Musical Heritage Mirath:Music

Mirath:Music | Photo (detail) © Goethe-Institut e.V.
Mirath:Music is a regional touring sound exhibition of the Goethe-Institut in the region West Asia, North and Northeast Africa that was developed by musicians from Algeria, Sudan, Tunisia, Palestine, Iraq, Lebanon, and Jordan.

Instead of trying to outline the historical developments of music in the region, this exhibition takes an experimental curatorial approach that aims to give an insight into the musical diversity of the region, without attempting to be representative. Using the individual takes of participating artists on musical traditions, and playing with musical elements from different times and places, Mirath:Music considers cultural heritage as something that is alive and preserved through continuous and ongoing development.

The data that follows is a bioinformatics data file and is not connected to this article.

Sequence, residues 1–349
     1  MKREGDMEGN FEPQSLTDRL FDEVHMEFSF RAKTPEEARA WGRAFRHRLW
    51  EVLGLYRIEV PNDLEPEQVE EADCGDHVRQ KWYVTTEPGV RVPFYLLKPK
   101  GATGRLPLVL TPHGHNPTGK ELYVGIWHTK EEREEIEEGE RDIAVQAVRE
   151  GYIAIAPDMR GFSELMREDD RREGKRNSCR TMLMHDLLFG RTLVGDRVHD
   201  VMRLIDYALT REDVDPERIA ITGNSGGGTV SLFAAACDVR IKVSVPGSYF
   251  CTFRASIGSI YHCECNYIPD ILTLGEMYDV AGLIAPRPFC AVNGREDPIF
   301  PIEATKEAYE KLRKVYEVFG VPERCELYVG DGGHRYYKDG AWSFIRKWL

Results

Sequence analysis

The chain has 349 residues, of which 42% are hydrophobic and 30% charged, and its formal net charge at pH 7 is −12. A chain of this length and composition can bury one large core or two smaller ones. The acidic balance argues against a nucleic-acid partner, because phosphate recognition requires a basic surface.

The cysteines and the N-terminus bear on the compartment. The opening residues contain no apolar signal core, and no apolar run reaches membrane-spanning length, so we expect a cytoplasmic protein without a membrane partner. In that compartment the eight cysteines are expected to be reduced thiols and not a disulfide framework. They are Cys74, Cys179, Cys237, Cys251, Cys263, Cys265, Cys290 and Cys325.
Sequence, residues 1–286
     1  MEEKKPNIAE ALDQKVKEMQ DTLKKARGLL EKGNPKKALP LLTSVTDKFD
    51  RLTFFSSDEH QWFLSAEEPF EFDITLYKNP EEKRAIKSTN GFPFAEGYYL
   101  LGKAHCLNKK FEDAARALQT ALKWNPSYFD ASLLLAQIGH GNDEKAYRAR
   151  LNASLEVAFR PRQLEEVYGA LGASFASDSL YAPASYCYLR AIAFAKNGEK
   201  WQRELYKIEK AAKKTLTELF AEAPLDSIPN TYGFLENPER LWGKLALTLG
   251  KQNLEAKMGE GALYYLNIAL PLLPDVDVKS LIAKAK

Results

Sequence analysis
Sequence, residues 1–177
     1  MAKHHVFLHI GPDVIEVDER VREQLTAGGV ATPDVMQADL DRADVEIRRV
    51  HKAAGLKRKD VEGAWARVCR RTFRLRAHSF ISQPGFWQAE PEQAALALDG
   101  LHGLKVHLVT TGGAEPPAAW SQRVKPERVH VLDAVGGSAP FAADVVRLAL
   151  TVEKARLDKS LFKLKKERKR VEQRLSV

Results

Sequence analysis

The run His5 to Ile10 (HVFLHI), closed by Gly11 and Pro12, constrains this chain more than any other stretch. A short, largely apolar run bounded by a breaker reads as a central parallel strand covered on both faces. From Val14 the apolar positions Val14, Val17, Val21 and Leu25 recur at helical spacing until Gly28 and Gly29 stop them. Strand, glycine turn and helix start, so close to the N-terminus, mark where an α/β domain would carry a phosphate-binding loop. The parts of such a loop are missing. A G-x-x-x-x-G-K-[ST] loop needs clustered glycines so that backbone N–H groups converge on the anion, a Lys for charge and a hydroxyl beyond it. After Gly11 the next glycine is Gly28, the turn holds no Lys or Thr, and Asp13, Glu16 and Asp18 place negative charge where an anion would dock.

The production of Mirath:Music was realized through an artist-driven approach. In April 2021, the participating artists met in an online workshop to discuss various aspects related to musical heritage in the region, exchange ideas, and develop a unifying concept for the exhibition. At the end of the workshop, the artists decided to allow for a diversity of artistic approaches in dealing with musical heritage and working with different musical traditions to which each of them personally related. What connected their ideas was a shared experience and an understanding of their musical heritage as being deeply embedded within the socio-political context in which they live, often – moreover – tied to their peoples’ quests for freedom, recognition and self-determination, as well as the expression and preservation of their unique cultural identities. Uniting them was also their own personal vocation as artists, who try often to give voice to their own selves and their peoples’ struggles in various contexts.

The results of this work and production process are 14 tracks, in which each artist worked with his or her own musical heritage in very different ways, developing the archived or borrowed material further in their own musical compositions. In addition, a commonly produced track brings together and reflects the artistic and musical diversity present within this exhibition.